PENNSYLVANIA, USA —
On a given day, you’ll find Mike Hawthorne tucked away in his home office in Central Pennsylvania, putting pencil to paper to craft eye-catching Marvel comic art. He’s famous for drawing larger-than-life superheroes, like Deadpool.
“For us as comic creators, you’re expecting there to be a hero to swoop in and save the day,” said Hawthorne.
While a lot of comic book creation is fantasy and fun, the panhttps://www.marvel.com/articles/comics/mike-hawthorne-is-the-most-prolific-deademic inspired Marvel to flip the script. The pandemic has taught us many lessons, one being that superheroes are real. Also, there’s a real, invisible villain claiming lives: COVID-19.
Marvel wanted to honor healthcare heroes and essential workers in some capacity.
“I was all in,” said Hawthorne.
While these cover-worthy superheroes wouldn’t have the expected capes or spidey senses, Hawthorne already had a distinct picture of a real-life hero in his mind: His sister.
“For me, it was kind of a bit of a personal tribute to my sister and just to everybody in general,” said Hawthorne. “That’s pretty easy to get behind.”
Hawthorne said his sister is one of the dedicated frontline workers in New York City.
“She’s been a social worker but she ran, like, mobile medical units and stuff like that. I would hear her stories and just be sort of in shock [of] how different our jobs were. She was literally going under bridges and finding homeless folks to try to get them check-ups and I’m sitting at home in an air-conditioned room drawing pictures,” said Hawthorne.
Normally when Hawthorne is working on a new project, he pitches different layout ideas and draws a few rough sketches. This time, it was one and done.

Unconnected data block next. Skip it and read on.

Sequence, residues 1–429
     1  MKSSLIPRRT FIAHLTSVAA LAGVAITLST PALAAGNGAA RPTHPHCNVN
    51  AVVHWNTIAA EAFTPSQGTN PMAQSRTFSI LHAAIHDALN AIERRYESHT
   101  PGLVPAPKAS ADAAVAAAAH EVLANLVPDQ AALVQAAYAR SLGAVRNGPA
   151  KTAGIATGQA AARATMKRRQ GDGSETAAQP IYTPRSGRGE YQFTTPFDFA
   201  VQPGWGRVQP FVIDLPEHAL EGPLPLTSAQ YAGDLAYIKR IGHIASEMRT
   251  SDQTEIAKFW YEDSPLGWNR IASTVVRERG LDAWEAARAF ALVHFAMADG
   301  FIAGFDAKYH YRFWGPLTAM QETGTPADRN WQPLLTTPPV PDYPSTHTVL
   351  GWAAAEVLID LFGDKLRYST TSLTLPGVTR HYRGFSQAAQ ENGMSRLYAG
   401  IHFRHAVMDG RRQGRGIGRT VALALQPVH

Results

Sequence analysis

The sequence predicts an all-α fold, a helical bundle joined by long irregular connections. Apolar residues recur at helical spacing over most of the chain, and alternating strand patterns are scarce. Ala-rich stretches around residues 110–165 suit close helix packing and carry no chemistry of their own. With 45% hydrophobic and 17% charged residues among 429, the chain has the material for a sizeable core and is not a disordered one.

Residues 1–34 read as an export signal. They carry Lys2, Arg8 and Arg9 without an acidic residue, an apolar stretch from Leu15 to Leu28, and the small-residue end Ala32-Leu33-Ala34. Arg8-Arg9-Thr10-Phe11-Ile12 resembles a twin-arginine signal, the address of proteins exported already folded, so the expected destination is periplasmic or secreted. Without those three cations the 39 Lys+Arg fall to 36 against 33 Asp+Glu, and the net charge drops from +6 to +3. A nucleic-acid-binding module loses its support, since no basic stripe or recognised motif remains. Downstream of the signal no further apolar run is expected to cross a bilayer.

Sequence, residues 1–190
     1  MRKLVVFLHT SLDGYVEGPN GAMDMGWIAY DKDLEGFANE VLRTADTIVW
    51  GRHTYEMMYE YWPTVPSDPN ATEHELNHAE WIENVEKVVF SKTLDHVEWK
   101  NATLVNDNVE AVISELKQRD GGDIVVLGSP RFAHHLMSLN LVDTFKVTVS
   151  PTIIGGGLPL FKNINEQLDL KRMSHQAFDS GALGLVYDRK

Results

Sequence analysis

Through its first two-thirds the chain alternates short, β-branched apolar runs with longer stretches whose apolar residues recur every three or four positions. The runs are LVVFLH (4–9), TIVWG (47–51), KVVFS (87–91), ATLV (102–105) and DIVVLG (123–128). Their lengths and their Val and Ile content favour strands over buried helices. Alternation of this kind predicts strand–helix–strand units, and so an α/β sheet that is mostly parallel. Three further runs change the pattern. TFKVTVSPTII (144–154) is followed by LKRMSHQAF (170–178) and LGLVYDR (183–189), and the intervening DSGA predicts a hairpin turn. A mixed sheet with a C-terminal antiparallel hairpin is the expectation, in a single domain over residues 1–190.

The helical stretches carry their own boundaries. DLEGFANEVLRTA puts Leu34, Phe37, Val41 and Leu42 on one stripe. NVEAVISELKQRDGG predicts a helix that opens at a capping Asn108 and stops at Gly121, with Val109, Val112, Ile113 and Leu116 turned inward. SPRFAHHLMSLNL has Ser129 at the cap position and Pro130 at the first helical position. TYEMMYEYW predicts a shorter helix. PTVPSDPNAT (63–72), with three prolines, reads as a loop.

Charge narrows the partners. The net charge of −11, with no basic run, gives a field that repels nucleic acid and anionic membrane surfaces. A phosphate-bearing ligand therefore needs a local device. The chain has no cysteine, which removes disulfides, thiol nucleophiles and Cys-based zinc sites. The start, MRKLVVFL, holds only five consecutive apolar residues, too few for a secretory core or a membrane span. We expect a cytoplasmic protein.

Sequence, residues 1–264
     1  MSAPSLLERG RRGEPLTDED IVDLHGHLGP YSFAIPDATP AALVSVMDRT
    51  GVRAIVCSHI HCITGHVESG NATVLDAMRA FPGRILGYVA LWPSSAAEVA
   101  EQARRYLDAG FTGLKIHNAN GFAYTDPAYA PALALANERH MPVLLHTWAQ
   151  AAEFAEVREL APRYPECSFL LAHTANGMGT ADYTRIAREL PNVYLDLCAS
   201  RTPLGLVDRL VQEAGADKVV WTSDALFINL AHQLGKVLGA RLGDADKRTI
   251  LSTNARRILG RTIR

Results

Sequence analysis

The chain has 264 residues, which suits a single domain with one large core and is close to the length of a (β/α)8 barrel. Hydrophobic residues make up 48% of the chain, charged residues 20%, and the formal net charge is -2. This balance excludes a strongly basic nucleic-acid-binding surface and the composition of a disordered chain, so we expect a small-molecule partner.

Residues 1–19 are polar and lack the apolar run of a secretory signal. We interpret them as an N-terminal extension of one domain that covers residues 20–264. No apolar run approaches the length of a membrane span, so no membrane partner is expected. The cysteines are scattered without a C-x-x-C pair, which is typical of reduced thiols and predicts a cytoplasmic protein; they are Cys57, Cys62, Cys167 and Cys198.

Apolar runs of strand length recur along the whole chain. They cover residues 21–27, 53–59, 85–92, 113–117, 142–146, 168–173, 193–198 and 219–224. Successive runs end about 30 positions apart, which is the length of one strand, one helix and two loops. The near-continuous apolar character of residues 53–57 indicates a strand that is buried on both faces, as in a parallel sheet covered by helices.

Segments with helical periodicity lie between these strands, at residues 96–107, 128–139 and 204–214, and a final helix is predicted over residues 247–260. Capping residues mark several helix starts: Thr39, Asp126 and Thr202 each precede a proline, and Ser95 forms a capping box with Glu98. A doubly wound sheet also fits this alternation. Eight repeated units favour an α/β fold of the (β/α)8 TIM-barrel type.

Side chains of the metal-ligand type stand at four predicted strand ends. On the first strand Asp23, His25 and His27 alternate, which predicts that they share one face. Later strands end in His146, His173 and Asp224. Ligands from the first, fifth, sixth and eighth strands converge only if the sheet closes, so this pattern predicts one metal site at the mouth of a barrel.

“I knew pretty much right out the gate what I wanted to do,” said Hawthorne.
Hawthorne drew a horizontal spread to display all the essential workers. After he drew it out in ink, it was the colorist’s turn to capture the moment. Edgar Delgado lives in Mexico and is a colorist for Marvel comics.
Delgado called essential workers "the real superheroes."
“Edgar did kind of an amazing job. I try to stay out of the colorist’s way because they usually do amazing work at Marvel, but for this one, he went above and beyond,” said Hawthorne.
"I hope this piece serves as a humble tribute to the incredible hard work that they do on a daily basis and sometimes with unfair payment. I hope we come out of this as a better society in general," said Delgado.
While Marvel typically has a major reach and fan base all over the world, Hawthorne said this piece really took off.
“It’s humbling to see the people that were directly touched,” said Hawthorne. “I had people sending me emails saying ‘hey, my sister’s a nurse and this literally brought a tear to my eye’ which I’m not used to making people cry with comic book art. That’s pretty inspirational.”
It was a chance for frontline workers to see themselves portrayed as superheroes in a very public way.
“This is kind of the crowd we don’t normally hear from directly, so it’s really a special treat for me,” said Hawthorne.
While coronavirus concerns are far from over, Hawthorne said the silver lining is that he will never take his ability to safely work from home for granted ever again, all thanks to superheroes like his sister.
“At the end of the day, we still had heroes to depend on. I’m grateful,” said Hawthorne.
This particular piece isn't available for purchase, according to Marvel Entertainment. Marvel comics like Hawthorne are posting free drawing tutorials in English and Spanish right now. You can watch them here.
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Main photo courtesy of Marvel.